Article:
Al Qaeda fighters in Syria kill two top rebel leaders

Two senior commanders with the American-backed Free Syrian Army were kidnapped and executed by al Qaeda fighters, highlighting the increasingly violent schism between the country's secular opposition and the Islamic radical groups fighting alongside them. 

The two FSA commanders, Mohammad al-Qadi and Ahmad Jahar, were taken by members of Islamic State of Iraq and al-Sham (ISIS), a teaming of al Qaeda's Iraqi cell and affiliated Syrian militant groups, during a cross-border supply run from Turkey into the northern part of the country. 

Their bodies were found outside an ISIS-controlled area near the town of Aziz, 20 miles north of the opposition stronghold of Aleppo, according to local news reports

The FSA is the largest and most organized of the secular rebel factions battling to topple longtime leader President Bashar Assad. The group's leader, Gen. Salim Idris, also heads the Syrian Military Council (SMC). 

The Obama administration has recognized the SMC's political wing, the Syrian National Council, as the legitimate successor to the Assad regime. 

Council members are expected to take part in scheduled peace talks with representatives from the Assad government in Geneva in January, led by U.N.-Arab League envoy Lakhdar Brahimi. 

The deaths also come weeks after FSA and ISIS commanders reportedly agreed to a cease-fire, in order to focus their attacks on Iranian forces moving into the country.  

"ISIS and FSA infighting ceased mostly after a meeting of commanders ... led all parties to decide to focus their efforts" against forces loyal to Assad and his Iranian backers, Syrian Support Group spokesman Dan Layman told The Hill in November. 

As a result, both groups have launched "joint counteroffensives" against Hezbollah and Iranian military positions in and around Aleppo, according to Layman, whose D.C.-based organization backs the secular wing of the Syrian opposition. 

But the kidnappings and subsequent execution of the FSA commanders have seemingly put an end to that deal, as both sides step up their efforts to position themselves for a post-Assad Syria.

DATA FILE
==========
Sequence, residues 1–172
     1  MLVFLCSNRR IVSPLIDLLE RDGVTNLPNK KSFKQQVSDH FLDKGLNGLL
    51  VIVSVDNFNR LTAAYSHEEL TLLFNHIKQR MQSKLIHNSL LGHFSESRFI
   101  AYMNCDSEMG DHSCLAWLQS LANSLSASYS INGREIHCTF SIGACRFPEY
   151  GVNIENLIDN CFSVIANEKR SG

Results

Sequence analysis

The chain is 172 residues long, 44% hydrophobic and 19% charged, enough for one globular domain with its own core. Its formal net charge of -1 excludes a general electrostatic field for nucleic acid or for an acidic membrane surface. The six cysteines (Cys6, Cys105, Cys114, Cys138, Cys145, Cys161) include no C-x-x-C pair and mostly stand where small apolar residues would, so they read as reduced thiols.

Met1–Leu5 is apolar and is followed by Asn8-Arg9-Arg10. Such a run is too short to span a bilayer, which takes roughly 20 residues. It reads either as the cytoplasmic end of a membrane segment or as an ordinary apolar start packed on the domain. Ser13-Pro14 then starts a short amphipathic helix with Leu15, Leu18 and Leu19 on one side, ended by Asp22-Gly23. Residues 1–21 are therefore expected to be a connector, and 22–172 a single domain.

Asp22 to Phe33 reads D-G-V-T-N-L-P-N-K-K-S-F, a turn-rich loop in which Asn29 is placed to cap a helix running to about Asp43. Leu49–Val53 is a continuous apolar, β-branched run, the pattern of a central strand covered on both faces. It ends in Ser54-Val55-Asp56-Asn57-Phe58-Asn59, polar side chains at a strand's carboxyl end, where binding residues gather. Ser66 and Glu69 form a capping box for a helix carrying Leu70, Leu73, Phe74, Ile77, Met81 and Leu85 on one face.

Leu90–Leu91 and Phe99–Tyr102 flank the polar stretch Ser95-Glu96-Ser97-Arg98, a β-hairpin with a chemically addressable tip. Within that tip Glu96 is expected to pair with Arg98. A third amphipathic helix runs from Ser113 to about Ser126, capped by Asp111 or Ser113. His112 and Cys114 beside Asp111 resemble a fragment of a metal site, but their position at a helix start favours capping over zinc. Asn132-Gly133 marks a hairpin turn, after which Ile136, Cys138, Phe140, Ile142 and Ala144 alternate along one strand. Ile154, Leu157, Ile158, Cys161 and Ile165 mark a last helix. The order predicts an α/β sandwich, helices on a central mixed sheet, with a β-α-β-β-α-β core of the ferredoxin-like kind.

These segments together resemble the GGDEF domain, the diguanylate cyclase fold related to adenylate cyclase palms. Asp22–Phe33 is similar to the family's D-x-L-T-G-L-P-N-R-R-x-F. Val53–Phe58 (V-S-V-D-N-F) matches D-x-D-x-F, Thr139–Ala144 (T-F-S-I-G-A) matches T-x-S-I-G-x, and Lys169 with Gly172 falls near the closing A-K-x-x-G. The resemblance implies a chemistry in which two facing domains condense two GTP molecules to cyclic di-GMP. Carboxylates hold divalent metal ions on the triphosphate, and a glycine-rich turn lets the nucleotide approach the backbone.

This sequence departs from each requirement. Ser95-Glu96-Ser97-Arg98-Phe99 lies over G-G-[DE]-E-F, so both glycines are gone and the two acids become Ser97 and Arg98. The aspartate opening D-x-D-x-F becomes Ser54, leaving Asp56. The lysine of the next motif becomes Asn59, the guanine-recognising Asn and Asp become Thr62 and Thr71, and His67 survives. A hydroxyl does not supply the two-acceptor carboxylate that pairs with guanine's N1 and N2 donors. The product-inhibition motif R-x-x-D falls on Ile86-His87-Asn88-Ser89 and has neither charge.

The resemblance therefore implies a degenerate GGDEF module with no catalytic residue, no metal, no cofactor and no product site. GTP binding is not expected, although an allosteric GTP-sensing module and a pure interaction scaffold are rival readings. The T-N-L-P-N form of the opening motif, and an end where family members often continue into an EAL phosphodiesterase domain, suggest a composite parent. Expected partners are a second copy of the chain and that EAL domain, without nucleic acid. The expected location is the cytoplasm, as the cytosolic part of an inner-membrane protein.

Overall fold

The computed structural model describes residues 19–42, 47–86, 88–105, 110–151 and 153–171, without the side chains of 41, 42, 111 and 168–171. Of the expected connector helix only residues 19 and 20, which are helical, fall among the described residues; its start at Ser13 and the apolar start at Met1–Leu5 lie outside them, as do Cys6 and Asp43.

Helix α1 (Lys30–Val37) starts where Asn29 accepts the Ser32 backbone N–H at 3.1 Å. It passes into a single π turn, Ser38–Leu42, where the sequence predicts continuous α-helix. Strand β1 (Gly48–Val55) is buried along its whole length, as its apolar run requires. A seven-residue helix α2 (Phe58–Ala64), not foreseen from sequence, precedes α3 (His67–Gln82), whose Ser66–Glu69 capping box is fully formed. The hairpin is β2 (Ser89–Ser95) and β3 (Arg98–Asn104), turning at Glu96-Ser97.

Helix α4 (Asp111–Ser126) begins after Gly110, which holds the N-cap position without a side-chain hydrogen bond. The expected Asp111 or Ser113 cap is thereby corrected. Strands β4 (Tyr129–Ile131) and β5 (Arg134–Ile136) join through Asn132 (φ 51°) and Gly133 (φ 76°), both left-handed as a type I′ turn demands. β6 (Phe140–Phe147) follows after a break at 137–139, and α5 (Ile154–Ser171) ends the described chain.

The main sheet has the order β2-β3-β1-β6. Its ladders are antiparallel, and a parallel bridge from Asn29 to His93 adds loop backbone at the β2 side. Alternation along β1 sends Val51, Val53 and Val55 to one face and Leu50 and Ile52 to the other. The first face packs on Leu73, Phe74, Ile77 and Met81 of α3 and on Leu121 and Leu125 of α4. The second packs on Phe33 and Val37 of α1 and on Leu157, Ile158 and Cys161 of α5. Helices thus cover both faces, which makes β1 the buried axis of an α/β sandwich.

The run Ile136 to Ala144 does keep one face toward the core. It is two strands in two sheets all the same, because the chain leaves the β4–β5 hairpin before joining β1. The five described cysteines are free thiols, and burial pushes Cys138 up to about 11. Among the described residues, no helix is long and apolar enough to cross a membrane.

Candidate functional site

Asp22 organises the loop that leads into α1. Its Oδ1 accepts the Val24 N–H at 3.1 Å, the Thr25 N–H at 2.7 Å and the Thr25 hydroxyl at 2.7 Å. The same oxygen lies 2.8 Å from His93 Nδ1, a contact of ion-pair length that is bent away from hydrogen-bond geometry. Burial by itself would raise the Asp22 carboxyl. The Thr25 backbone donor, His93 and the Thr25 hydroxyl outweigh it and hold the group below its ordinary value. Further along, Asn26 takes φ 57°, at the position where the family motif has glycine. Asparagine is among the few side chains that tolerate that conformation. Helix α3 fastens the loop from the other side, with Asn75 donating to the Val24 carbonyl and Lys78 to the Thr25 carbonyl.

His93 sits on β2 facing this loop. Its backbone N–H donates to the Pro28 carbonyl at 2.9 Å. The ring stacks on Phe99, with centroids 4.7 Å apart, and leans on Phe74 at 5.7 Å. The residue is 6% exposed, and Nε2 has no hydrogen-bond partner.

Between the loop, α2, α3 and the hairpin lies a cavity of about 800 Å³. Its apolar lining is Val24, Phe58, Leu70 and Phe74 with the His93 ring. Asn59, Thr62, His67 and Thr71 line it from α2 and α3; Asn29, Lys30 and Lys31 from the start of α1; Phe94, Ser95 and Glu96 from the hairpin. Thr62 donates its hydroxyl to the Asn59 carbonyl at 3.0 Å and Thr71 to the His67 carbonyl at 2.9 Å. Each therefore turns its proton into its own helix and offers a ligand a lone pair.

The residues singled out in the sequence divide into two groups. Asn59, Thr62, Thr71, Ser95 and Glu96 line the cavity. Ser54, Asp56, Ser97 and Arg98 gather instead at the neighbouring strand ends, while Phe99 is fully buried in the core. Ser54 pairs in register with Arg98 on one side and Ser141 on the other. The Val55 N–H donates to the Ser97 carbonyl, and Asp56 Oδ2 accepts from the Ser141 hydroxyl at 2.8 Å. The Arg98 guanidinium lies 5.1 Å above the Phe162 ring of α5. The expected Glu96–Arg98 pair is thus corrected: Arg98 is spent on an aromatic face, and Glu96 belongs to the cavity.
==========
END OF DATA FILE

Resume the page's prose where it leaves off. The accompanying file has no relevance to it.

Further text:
ISIS aspirations in Syria have drawn serious concern from Obama's national security team, as the White House reportedly continues to move weapons and supplies to opposition forces in the country. 

The group's resurgence from safe havens in Iraq and into Syria now represents a "transnational threat network" that could possibly reach from the Mideast to the United States, according to the White House. 

That said, administration officials are reaching out to other Islamic fundamentalists groups in the region, to help bring about a peaceful end to the Syrian civil war. 

The White House is specifically targeting militant groups unaffiliated with the ISIS and its Syrian offshoot, Jabhat al Nusra, which has taken on a significant role within the ranks of the Syrian rebels over the course of the 2.5-year war there. 

The outreach aims to “find out whether these people are worthwhile bringing into the diplomatic process,” a senior U.S. official told The Wall Street Journal in December. 

Defense Secretary Chuck HagelCharles (Chuck) Timothy HagelSwalwell says he will convene a bipartisan 'blended cabinet' if elected president Overnight Energy: John Kerry hits Trump over climate change at hearing | Defends Ocasio-Cortez from GOP attacks | Dems grill EPA chief over auto emissions rollback plan For planet and country: National security's climate moment MORE also suggested those groups could play a crucial role in bringing the country's civil war to a close. 

"If a diplomatic solution is the responsible approach [in Syria], all parties involved are going to have to be represented in some way" in whatever deal is struck, Hagel said last Wednesday.

Any plausible peace plan to end the ongoing carnage in Syria "cannot be achieved by [limiting] ourselves to narrow strips of interest," Hagel told reporters at the Pentagon.